Fact Friday 152 - Edward Dilworth Latta Home & Greek Orthodox Cathedral

Fact Friday 152 - Edward Dilworth Latta Home & Greek Orthodox Cathedral

Happy Friday!

Edward Dilworth Latta, along with D. A. Tompkins, was one of those responsible for Charlotte's transformation from a modest commercial center into a prosperous industrial hub. The archetype of the post-Civil War New South industrialist, Latta first came to Charlotte from New York in 1876 to open the E. D. Latta Brothers Men's Clothing Store. Convinced that the city held much more promise, Latta and some partners formed the Charlotte Consolidated Construction Company in 1890. The next year Latta contracted with the Edison Electric Company to construct an electric streetcar system, which revolutionized transportation in the city and led to Latta's development of the Dilworth suburb. Latta himself built one of the neighborhood's first grand mansions, this Neoclassical Revival-style house at 600 East Boulevard, seen here in 1902.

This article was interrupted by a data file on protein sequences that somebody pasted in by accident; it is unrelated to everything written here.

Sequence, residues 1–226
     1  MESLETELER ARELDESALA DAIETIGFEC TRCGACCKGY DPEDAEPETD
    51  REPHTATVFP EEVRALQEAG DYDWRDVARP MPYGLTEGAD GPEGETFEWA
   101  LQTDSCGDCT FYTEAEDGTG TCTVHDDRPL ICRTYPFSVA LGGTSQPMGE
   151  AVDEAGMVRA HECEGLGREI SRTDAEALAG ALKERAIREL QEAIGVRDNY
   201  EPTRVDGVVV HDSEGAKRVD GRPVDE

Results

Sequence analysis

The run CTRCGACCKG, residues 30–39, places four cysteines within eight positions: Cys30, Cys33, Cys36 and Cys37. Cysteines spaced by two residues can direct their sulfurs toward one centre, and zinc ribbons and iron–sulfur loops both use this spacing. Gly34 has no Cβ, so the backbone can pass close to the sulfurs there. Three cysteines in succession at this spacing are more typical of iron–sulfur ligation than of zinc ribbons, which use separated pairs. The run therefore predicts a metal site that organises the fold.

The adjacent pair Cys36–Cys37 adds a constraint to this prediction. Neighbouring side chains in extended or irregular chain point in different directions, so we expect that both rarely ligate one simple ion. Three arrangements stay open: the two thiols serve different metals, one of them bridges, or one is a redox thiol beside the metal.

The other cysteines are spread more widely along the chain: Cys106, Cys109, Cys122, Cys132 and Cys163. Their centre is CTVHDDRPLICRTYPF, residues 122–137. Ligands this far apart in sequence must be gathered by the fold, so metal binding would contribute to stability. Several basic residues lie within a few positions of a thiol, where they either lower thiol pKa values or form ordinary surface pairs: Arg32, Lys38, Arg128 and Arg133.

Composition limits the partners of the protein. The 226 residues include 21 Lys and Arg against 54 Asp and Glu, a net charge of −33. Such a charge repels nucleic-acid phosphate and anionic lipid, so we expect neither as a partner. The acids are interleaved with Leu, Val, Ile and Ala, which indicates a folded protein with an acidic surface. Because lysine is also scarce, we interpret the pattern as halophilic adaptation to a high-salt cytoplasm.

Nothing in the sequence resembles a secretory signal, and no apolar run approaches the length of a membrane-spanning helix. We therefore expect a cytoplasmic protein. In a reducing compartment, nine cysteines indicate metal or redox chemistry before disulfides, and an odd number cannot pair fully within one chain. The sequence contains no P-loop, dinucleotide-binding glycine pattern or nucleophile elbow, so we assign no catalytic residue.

Latta continued to have a major impact on the city's future until disagreements with his business partners over the construction of the Hotel Charlotte downtown led him to relocate to Asheville, North Carolina, in 1923. At the time of his death two years later he still owned over thirty properties in the city, and his name is immortalized all over Charlotte. After he left town, the house on East Boulevard was purchased by another prominent local businessman, construction magnate James Addison Jones. In 1950 the site was sold to the parishioners of Charlotte's large Greek Orthodox community, and the Holy Trinity Greek Orthodox Cathedral was constructed beside  the home in 1954. The house and the church coexisted for a while, but the house was torn down in 1967 to make room for a Hellenic Community Center.  

Until next week!



Email me at chris@704shop.com if you have interesting Charlotte facts you’d like to share or just to provide feedback!


Information taken from:

Charlotte Then and Now, Brandon Lunsford, 2013.  


“We have to do with the past only as we can make it useful to the present and the future.” – Frederick Douglass


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